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The 'adulteration' of adolescence?: Balancing the rights of adolescents to autonomy and protection in the UK - Part 2

Presented at the International Symposium on Children's Welfare and their Rights held by the Japanese Society of Child Science and Child Research Net
Main Hall, Okayama Head Office of Benesse Corporation
October 14, 2013

The 'adulteration' of adolescence?: Balancing the rights of adolescents to autonomy and protection in the UK

Where are We Now? - "hands off approach to state intervention"


So where does that leave us now? Well, the hands off approach to state intervention in family life, embedded in the historical and universal establishment of the family as the basis of society, appears to be endorsed in international law. The UNCRC provides for parents to take primary responsibility for the upbringing and development of the child - although it also stresses the duty on states to support parents in their child-rearing responsibilities. The European Convention on Human Rights (which was created in response to atrocities committed against particularly the Jewish people in the second world war, and is part of UK law) protects parents against unlawful and unnecessary state intervention in family life.

UK Context


In the UK, the law acknowledges the consequences of this for vulnerable children and young people, as in this renowned but rather disturbing quote from Mr. Justice Hedley in recent years. In countries with high inequality such as the USA and the UK, it also means that children will have very different experiences of parenting and there will be very unequal consequences flowing from that - because we know that poverty increases the stress of parenting significantly.

Where are We Now? - change in inter-generational contract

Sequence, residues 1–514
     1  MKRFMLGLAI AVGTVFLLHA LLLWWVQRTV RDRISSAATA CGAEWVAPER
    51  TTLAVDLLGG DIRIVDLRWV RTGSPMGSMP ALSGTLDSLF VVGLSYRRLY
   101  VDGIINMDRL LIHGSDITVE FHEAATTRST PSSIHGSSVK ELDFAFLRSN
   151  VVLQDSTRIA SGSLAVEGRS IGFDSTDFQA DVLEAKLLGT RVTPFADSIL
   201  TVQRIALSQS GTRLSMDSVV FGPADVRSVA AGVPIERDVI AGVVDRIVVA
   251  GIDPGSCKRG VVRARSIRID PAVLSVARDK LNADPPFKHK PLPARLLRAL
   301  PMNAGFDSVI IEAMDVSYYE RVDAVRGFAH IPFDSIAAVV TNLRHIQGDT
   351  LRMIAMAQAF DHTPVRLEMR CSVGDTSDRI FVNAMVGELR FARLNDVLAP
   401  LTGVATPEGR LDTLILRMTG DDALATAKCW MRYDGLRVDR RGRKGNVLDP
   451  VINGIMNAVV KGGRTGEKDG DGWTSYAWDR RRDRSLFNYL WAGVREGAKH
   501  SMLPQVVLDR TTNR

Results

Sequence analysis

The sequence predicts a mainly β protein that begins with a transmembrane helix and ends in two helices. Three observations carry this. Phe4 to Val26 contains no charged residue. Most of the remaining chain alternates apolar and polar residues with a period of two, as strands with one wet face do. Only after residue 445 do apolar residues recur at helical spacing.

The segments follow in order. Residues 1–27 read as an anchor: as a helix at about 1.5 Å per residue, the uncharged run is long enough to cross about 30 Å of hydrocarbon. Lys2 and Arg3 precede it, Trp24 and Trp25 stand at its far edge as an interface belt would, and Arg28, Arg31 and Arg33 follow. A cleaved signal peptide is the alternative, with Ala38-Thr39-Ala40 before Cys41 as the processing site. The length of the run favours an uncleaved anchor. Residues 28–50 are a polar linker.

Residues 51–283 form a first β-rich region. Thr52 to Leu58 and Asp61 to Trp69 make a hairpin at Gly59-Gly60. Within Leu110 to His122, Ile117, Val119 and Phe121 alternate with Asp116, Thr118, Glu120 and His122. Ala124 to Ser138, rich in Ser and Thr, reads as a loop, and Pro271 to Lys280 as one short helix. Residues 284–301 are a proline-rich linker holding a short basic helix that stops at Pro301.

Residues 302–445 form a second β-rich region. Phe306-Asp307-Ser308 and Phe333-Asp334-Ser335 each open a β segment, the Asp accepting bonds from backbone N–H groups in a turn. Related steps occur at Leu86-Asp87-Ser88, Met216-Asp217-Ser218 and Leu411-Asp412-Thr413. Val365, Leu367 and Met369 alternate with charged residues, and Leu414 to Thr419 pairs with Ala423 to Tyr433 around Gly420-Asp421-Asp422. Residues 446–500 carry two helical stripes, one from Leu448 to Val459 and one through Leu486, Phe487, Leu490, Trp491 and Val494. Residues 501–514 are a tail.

The demise of the authoritarian state and family has, at its best, led to improved inter-generational relationships, in which children are valued members of the family and of the state, whose views deserve respect. It has also encouraged respect for and tolerance of cultural and social diversity. Importantly, children also have greater opportunities to contribute to decisions affecting them. Many commentators argue that the demands of modern democratic society are such that children require the skills to make judgements and exercise responsibility at ever earlier ages and that a successful transition to adulthood requires opportunities to practise decision-making - an idea Jane Fortin describes a 'dry run' at adulthood.

At its worst, however, so-called liberal notions of parenting have been heavily criticised for resulting in over-indulgence and inadequate discipline of children, in the name of individual freedoms. At the same time, the traditional structures of society and community have come under increasing pressures as cultural diversity increases, working mothers and single parenting become the norm and greater mobility reduces support from the extended family.



It should not of course be forgotten that much progress has been made as a result of the attention focused on children's welfare and their rights in the last century and in particular, there is much to celebrate in the 50 years since Dr. Kempe and colleagues coined the term 'battered child syndrome' in 1962 and drew attention to familial child abuse. Acknowledgement of children as holders of rights which may conflict with those of their parents together with greater respect for children's views has arguably contributed to our ability and willingness to penetrate the family unit and confront the issue of child maltreatment within the home environment. It is extremely difficult to measure the prevalence of child maltreatment in any jurisdiction, never mind to compare across jurisdictions, because of different and changing definitions of maltreatment and methods of measurement, coupled with the fact that awareness, particularly amongst professionals, has led to higher levels of reporting. However, a number of indicators suggest that we have made significant progress in relation to identifying and protecting abused children, including this report, which compared WHO mortality data from 10 major developing countries to challenge media perceptions in the UK that the child protection system is failing.